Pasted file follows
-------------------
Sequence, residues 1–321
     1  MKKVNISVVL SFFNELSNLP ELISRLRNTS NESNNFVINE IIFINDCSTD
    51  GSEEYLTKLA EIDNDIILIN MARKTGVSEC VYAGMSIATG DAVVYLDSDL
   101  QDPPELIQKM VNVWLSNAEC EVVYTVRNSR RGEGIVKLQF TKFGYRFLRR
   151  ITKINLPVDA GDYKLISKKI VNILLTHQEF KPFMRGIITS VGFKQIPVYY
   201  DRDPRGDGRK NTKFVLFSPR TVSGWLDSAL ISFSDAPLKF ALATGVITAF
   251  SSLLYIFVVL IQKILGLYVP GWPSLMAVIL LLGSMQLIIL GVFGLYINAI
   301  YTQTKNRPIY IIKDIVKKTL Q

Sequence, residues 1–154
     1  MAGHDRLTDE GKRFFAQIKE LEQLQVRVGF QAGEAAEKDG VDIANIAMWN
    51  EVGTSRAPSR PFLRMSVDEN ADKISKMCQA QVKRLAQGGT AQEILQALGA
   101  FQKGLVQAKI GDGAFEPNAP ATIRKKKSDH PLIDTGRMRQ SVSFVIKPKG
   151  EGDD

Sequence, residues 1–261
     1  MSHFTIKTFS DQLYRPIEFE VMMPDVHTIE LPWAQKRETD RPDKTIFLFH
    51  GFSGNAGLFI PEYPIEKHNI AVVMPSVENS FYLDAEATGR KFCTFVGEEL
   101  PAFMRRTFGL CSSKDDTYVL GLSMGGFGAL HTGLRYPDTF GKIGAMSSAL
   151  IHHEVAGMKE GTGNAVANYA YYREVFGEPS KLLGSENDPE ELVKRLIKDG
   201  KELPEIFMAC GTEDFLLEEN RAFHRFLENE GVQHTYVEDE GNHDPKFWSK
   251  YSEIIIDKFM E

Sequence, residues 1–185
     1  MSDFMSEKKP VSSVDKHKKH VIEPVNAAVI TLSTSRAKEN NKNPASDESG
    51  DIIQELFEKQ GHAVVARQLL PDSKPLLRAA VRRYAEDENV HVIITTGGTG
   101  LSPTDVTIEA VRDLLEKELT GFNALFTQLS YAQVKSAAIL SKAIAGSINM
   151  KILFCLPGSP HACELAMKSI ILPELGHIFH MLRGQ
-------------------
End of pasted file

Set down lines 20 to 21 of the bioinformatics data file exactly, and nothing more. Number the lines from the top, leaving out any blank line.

   251  YSEIIIDKFM E

Sequence, residues 1–185